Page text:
Discover the sacred places of Palm Springs during Modernism Week

Discover the sacred places of Palm Springs during Modernism Week

This self-driving tour of mid-century churches around Palm Springs, new to the 2018 programme of Modernism Week events, presents participants the chance to learn about the town’s most interesting church architecture.

Curated by Michael Kunkle, a Palm Springs local with a passion for mid-century modernism and his mother Ruth Ritter, who just moved to Palm Springs from South Carolina this year, the tour is a unique way to explore the town during Modernism Week.

The tour allowed Kunkle and Ritter to combine their knowledge in a creative way; mixing Kunkle’s architectural and design expertise with Ritter’s experience of churches and religion – and it was a way for the pair to spend time together and build Ritter’s new community network in Palm Springs.

‘In addition to the fantastic architecture, we have learned that the church history here in Coachella valley is colourful: Indians, earthquakes, hardships, cooperation, support and inclusion,’ says Kunkle.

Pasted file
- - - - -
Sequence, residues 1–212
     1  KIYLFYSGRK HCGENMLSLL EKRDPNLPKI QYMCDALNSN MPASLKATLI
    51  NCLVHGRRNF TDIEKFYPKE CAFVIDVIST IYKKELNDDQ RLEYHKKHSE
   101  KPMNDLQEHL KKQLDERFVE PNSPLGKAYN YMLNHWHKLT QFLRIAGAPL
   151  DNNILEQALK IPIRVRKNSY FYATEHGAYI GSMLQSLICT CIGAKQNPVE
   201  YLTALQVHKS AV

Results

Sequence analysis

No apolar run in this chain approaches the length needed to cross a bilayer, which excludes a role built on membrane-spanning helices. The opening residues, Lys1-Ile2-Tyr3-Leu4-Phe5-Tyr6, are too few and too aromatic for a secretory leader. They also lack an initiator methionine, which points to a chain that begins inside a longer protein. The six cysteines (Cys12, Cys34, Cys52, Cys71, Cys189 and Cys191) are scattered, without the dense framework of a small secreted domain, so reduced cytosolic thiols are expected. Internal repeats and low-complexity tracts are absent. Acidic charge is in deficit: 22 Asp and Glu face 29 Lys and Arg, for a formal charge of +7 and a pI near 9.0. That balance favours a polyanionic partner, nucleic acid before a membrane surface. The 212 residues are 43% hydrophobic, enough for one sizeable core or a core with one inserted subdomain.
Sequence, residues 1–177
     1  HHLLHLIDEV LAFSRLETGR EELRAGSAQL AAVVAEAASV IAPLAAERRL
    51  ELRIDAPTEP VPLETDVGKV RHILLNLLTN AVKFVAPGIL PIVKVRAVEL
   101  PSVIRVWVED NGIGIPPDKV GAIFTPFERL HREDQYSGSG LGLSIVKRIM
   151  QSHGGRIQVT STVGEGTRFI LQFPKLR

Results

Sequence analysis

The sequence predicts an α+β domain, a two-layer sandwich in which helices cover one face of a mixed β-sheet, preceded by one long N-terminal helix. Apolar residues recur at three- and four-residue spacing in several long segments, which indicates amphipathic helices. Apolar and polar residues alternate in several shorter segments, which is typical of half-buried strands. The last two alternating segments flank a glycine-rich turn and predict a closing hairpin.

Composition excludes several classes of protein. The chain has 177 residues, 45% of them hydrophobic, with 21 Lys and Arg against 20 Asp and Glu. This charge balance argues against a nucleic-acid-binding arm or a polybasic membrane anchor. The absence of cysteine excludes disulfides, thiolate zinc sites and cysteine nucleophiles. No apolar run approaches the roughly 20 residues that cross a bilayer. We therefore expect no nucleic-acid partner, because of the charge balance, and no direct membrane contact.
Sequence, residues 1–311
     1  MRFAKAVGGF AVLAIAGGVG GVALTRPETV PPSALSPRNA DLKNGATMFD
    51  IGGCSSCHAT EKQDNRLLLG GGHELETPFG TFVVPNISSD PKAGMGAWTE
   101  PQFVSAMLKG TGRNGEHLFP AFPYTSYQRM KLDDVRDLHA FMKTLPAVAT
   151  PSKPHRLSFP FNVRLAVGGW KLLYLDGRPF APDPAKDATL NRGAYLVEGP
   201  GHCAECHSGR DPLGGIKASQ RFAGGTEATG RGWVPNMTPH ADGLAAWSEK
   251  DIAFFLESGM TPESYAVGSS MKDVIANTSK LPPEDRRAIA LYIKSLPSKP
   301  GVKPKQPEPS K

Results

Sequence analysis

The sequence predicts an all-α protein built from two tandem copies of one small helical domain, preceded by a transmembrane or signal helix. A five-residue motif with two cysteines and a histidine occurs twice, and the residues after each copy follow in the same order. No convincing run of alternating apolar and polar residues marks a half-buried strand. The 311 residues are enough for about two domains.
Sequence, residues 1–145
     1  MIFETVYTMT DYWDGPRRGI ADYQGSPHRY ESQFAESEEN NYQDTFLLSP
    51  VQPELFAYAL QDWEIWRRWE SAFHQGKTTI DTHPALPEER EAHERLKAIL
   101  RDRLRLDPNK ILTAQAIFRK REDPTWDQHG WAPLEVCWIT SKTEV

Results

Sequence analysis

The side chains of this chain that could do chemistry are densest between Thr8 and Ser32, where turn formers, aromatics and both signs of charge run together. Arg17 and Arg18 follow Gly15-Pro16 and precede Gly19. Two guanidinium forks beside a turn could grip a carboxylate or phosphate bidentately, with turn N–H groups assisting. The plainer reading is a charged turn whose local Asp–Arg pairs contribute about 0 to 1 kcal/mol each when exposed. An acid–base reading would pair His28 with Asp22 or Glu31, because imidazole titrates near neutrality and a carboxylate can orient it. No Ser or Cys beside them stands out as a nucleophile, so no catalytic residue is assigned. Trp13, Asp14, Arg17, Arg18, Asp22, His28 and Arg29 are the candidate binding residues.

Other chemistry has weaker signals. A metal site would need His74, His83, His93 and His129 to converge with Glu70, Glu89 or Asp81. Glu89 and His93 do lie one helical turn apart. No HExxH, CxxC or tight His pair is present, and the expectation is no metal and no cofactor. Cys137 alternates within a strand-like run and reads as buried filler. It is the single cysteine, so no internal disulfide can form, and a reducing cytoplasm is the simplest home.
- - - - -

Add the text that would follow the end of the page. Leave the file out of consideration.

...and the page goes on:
First stop on the Sacred Places tour is the First Baptist Church Palm Springs, designed by architect Howard Lapham in 1963, a textured concrete building with a geometric stained glass window. Kunkle’s tour reveals details such as how materials for the church were donated and it was the congregation who worked on its construction. Lapham also designed ‘arguably the most famous Palm Springs nightclub “Chi Chi’” adds Kunkle.

Another impressive structure - this time constructed of poured concrete in thick curved sections, is the Palm Springs United Methodist church, designed by architect Hal Whittemore in 1965. Unique details include the cast metal cross at its spire designed by artist JB Thompson in 1965 and a plaque on the seat where Elvis Presley used to sit.

Other highlights include Albert Frey’s Desert Chapel, built in 1963, where the original phone system can be admired, as well as intricate geometric wood carvings and chandeliers; and a piercing red stained glass window by artist Gabriel Loire at the St Louis Catholic Cathedral City – designed by architect Joseph F Dameron in the 1960s.

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